We have pledged =A3100,000 to help the 1.5 million people in Pakistan forced from their homes because of fighting
Our partners in the conflict area have responded rapidly to the escalating humanitarian crisis by providing clean water, temporary shelter, bedding and kitchen equipment, as well as trauma counselling, to nearly 150,000 people so far.
Their efforts will expand as the crisis grows.
Nearly 18,000 people are now living in earthquake-proof shelters built with the help of CAFOD supporters as this weekend marks the one year anniversary of the earthquake which devastated parts of northern Pakistan and Kashmir.
Over 70,000 people were killed by the earthquake on the 8 October 2005 and a further 3.5 million made homeless. CAFOD's appeal raised £1.8 million, including £465,000 from parishes in England and Wales. Funds have been used to support survivors as they strive to get their lives back on track.
Bishop John Rawsthorne has travelled to Pakistan to offer his support and prayers to survivors of the devastating earthquake which hit the country on October 8 last year
This weekend marks the six-month anniversary of the earthquake which devastated northern Pakistan and Indian-administered Kashmir, killing more than 70,000 and leaving 3.5 million homeless
CAFOD and its partners have been at the forefront of ongoing work to rebuild the lives of those affected by the South Asia Earthquake and, while full recovery will take years, much progress has already been made.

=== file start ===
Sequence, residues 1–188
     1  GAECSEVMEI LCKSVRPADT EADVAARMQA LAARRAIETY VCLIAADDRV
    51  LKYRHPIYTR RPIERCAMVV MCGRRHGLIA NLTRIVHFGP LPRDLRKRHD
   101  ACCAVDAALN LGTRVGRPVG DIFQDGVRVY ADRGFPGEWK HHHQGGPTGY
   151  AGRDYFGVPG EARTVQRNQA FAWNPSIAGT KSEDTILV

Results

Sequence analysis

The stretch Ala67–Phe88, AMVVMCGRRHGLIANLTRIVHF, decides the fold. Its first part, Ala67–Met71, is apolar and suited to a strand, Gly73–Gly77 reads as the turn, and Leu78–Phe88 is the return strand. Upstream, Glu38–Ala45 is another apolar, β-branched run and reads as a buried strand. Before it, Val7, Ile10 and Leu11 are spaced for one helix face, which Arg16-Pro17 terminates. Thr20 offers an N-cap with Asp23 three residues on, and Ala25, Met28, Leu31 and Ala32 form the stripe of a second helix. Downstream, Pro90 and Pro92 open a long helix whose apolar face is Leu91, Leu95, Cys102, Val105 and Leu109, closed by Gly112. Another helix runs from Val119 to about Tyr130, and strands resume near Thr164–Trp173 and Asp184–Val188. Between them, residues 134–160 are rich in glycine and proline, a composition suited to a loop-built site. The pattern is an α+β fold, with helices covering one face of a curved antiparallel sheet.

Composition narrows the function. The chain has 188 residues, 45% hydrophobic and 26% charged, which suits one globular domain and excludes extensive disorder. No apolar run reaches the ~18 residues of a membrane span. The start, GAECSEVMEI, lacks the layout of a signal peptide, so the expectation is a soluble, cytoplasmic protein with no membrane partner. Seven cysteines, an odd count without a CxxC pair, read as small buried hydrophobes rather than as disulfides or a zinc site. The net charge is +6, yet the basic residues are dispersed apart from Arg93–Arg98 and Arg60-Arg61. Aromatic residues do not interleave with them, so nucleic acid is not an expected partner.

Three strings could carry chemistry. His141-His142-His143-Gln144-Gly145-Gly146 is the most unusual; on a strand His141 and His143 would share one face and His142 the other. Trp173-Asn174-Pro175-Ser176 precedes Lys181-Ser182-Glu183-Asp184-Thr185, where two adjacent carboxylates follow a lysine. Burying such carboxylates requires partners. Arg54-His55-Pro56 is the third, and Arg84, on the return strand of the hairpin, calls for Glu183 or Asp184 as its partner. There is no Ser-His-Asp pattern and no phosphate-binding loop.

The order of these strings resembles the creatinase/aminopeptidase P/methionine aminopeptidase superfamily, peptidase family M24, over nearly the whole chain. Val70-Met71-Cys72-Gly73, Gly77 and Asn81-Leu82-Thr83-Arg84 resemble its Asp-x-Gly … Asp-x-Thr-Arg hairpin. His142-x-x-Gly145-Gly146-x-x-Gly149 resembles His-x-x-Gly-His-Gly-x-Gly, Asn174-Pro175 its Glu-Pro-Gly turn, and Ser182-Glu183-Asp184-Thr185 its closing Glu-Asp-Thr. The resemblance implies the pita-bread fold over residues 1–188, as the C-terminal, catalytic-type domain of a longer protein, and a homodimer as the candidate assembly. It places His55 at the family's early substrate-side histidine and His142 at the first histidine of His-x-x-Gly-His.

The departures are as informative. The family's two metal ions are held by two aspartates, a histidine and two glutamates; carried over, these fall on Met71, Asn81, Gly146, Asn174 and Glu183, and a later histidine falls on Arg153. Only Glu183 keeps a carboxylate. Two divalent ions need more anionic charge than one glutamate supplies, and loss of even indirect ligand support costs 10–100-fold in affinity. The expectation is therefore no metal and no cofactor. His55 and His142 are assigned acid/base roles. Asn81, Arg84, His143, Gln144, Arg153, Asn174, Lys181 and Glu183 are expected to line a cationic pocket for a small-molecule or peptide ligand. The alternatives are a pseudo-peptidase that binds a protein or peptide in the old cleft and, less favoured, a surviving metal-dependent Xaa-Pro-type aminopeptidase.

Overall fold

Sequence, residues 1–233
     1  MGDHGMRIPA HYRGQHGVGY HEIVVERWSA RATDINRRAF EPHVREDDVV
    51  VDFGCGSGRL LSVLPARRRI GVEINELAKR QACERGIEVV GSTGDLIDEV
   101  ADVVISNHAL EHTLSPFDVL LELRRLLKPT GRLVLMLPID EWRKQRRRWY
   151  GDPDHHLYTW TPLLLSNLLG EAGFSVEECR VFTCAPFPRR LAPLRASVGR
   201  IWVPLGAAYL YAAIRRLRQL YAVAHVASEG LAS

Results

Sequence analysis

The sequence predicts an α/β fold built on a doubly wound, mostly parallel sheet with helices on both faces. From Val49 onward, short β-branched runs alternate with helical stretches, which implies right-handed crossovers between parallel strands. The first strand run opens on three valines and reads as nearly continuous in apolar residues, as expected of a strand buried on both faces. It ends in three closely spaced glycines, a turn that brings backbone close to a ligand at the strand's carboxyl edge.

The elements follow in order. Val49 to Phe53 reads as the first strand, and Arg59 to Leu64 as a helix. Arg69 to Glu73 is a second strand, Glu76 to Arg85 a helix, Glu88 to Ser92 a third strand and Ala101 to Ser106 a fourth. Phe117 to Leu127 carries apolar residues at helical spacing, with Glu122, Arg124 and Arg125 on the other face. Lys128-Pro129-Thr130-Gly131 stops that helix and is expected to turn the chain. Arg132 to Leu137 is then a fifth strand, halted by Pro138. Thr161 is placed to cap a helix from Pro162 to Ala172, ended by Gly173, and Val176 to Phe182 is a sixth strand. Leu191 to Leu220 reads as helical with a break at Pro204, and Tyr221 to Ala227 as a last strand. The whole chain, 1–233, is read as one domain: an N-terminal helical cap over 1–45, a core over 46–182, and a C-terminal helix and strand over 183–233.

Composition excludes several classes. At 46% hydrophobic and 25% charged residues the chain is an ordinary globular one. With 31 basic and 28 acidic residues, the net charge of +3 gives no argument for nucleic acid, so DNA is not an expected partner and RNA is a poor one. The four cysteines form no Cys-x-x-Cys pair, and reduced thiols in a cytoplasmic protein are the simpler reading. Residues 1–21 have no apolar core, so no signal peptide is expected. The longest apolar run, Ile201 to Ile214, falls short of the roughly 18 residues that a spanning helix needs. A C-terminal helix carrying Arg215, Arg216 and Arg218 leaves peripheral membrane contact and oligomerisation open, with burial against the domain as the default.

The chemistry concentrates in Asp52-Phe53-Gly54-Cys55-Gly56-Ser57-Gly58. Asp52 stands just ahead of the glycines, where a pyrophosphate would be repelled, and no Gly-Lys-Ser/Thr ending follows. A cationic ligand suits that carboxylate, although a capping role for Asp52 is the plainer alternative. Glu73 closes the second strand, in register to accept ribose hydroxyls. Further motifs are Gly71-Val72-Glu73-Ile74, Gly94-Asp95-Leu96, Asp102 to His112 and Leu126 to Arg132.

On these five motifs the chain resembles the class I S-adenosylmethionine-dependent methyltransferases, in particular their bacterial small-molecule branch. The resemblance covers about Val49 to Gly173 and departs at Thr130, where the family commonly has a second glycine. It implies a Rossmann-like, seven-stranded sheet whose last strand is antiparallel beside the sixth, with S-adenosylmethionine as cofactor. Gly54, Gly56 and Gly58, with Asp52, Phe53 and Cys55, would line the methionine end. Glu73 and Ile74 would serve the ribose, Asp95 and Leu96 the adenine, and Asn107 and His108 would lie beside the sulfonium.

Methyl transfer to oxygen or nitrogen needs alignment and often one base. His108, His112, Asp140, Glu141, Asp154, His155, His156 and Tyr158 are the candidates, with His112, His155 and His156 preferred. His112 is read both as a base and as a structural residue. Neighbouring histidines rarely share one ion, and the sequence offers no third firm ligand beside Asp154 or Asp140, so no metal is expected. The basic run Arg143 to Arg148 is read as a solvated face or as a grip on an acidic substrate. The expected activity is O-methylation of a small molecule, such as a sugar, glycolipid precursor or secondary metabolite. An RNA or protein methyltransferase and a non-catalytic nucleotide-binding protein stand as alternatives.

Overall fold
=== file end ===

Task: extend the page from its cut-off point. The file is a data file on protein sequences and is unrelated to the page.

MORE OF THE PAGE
CAFOD responded immediately to the needs of the earthquake-affected communities by committing almost =A32.2 million to its partners in Pakistan.
This has so far provided survivors …
by Ludger Smolka, Caritas Germany
CAFOD partners continuing to deliver relief to the worst-affected areas despite harsh conditions over the Christmas and New Year period
Three months after the earthquake that devastated large areas of northern Pakistan and India, conditions in the region have worsened due to heavy snowfall, rain and resulting landslides.
With harsher weather conditions and temperatures dropping as low as -20 degrees Celsius in the highest villages, the priority now is to provide the homeless with the means to protect themselves against the cold.
The British public has pledged =A330 million through …
With temperatures dropping and snow falling, Caritas is moving quickly to provide tents, plastic sheeting, blankets, and other essential items to survivors of the South Asia earthquake.
The powerful quake claimed tens of thousands of lives in the North West Frontier Province (NWFP) and Pakistani-administered Kashmir, and left scores displaced and injured.
It is estimated that more than 3.5 million people have been affected.
Relief workers are increasingly concerned about the cold weather, as many earthquake survivors are still forced to spend their days either out in the open or in tents.
Providing shelter from the harsh climate is a top priority for Caritas, which has distributed nearly 3,000 winterised tents and more than 4,000 plastic sheets. "Thank you for your help," says 55-year-old Abdel, from the small mountain village of Boi. "No other NGO has made it to us yet."
As night falls, temperatures can drop to four degrees Celsius, and thunderstorms occur regularly.
CAFOD is supporting its partners working
hard to bring emergency relief to the areas affected by the disaster in
Pakistan, Kashmir, India, and Afghanistan
It is feared more than 79,000 died in the massive earthquake which struck South Asia in the early hours of October 8, with up to another 80,000 injured, and three million left homeless.
Money to help the thousands at risk of freezing to death from fast-appraoching Himalayan winter if shelter is not found urgently
What is the latest from the affected areas?